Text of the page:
The summary cell “Bedroom” 508 at the top of the screen of FIG. 5D provides a thumbnail version of any photograph selected for the summary, and may indicate whether there are any notes for the space in general. (Photographs would be shown in the boxes on the left of the screen; in this instance, an “x” in box 509 indicates that no photograph has been taken or designated for this box.) Similarly, each item, or sub-element, within the space has an entry that shows a photograph, if taken and selected, and any notes, such as “Used” under “Ceiling” in box 510.

The application may expand the portion of the screen regarding an item that is tapped once by a user, such as is shown by “Walls” 511 in FIG. 5D, and provide touch buttons to take a photograph, indicated by the camera icon 512, or enter a note, indicated by a text box icon 513. The expanded display may further permit the user to quickly enter one of several notes, such as shown by the boxes “Damaged” 514, “Used” 515, and “New” 516, or any other choices displayed by the application, by tapping on the desired box. It can be seen that in the screen of FIG. 5D, the user has chosen to indicate the condition of the walls as “Damaged,” and the condition of the ceiling as “Used.” These condition ratings may be color coded, for example using green for New, yellow for Used, and red for Damaged, if desired. Alternatively, a slider bar could be used to allow the user to select “New,” “Used” or “Damaged,” or to select a condition rating for the item on, for example, a one-to-five or one-to-ten point scale. A “Back” button 517 will again take the user back to the prior screen.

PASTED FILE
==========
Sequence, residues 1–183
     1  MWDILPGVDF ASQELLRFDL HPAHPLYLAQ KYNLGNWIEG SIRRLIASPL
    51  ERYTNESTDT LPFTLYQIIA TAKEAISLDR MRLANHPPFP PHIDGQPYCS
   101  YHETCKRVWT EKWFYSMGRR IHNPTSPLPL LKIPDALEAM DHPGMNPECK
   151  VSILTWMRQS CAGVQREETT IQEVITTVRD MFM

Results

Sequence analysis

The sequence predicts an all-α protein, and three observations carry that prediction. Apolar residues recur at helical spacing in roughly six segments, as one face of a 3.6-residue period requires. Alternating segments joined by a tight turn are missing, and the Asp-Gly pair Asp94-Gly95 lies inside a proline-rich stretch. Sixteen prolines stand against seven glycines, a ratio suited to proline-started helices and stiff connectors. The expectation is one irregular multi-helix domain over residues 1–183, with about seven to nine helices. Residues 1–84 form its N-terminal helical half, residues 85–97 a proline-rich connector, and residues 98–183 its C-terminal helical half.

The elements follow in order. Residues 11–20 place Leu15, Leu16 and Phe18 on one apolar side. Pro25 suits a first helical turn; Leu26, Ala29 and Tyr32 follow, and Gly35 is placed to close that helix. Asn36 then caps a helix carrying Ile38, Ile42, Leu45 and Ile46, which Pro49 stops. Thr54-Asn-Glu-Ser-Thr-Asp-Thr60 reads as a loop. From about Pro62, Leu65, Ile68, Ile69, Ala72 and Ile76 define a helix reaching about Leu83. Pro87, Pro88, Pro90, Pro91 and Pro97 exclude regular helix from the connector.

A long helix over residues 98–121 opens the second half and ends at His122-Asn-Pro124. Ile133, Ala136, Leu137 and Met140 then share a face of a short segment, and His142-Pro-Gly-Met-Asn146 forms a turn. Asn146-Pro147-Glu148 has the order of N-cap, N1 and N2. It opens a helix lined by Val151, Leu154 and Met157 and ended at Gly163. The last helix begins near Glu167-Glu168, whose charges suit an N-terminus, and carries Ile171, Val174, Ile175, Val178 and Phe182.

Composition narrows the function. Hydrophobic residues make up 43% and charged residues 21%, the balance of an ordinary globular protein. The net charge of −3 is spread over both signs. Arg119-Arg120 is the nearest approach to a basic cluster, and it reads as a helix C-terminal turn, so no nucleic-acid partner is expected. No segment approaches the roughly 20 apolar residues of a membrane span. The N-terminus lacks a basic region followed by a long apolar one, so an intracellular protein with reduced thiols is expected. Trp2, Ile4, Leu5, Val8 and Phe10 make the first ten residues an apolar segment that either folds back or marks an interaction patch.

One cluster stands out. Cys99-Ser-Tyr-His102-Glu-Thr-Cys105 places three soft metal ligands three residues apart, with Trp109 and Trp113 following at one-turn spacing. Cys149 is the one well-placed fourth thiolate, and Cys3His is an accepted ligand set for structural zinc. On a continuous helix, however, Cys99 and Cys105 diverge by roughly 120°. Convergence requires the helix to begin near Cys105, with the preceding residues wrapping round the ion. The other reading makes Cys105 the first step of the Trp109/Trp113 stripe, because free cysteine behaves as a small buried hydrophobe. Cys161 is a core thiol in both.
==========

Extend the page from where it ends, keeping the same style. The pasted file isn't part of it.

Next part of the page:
Tapping an item twice may “open” the item and take the user to another screen which allows more actions. For example, double-tapping on “Walls” 511 in FIG. 5D might result in the screen of FIG. 5E, which summarizes the data relating to the walls of the apartment being inspected. As shown, some data has been entered, i.e., the text in box 518; if no data has been entered, there will be no text. Again, boxes 519 near the camera icon 520 are available for presenting thumbnail images of any photographs taken of the walls. Again, the user may be able to select the condition of the walls by, for example, tapping the box “Damaged” 521 on this screen as well as that of FIG. 5D; regardless of whether it is selected on the screen of FIG. 5D or 5E, the “Damaged” box appears as selected on both screens.

To enter the text shown on FIG. 5E, the user double-taps on the text cell 518 to obtain the text entry screen of FIG. 5F, which again provides a virtual keyboard 522 that allows the user to make the desired notations. The entered text appears in box 523. When done, the user taps “Back” button 524 to return to the screen of FIG. 5E, which will now show the entered text, or as much of it as will fit in the text window 518; the mobile application may, for example, show “(more)” or “ . . . ” at the end of the text window to indicate that some of the text is not displayed on the screen of FIG. 5E.

Tapping on the camera icon 520 in the screen of FIG. 5E will take the user to a screen such as that shown in FIG. 5C, which calls the mobile device's camera function. Tapping on the camera icon 522 in the screen of FIG. 5G takes a photograph, and brings up a screen such as that shown in FIG. 5H, which will display the photograph if one is taken, and any desired and available meta-data. As illustrated here, such meta-data includes the time and date the photograph was taken, obtained from the mobile device's clock or otherwise reported by a service provider, and the geographical location at which the photograph was taken, taken from the mobile device's GPS unit and attached to the photograph by the telemetry and geo-location module 210.